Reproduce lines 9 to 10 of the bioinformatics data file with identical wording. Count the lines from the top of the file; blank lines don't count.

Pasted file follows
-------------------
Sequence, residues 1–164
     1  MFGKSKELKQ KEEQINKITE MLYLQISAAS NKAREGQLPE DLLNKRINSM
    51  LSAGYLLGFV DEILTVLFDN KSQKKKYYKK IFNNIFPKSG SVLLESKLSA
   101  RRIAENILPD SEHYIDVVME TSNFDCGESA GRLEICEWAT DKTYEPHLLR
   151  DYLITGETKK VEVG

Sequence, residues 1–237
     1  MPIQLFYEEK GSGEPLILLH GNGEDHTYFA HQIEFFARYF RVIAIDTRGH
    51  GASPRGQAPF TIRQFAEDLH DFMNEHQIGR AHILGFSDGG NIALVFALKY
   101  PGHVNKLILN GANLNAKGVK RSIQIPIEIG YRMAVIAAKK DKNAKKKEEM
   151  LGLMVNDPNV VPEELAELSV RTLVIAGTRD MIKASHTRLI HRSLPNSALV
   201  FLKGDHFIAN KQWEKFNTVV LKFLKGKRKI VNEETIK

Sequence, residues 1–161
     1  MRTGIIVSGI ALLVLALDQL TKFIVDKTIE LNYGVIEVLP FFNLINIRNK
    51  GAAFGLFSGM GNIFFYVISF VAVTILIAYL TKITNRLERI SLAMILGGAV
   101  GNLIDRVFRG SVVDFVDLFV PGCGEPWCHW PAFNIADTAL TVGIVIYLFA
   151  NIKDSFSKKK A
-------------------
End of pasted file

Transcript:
   101  PGHVNKLILN GANLNAKGVK RSIQIPIEIG YRMAVIAAKK DKNAKKKEEM
   151  LGLMVNDPNV VPEELAELSV RTLVIAGTRD MIKASHTRLI HRSLPNSALV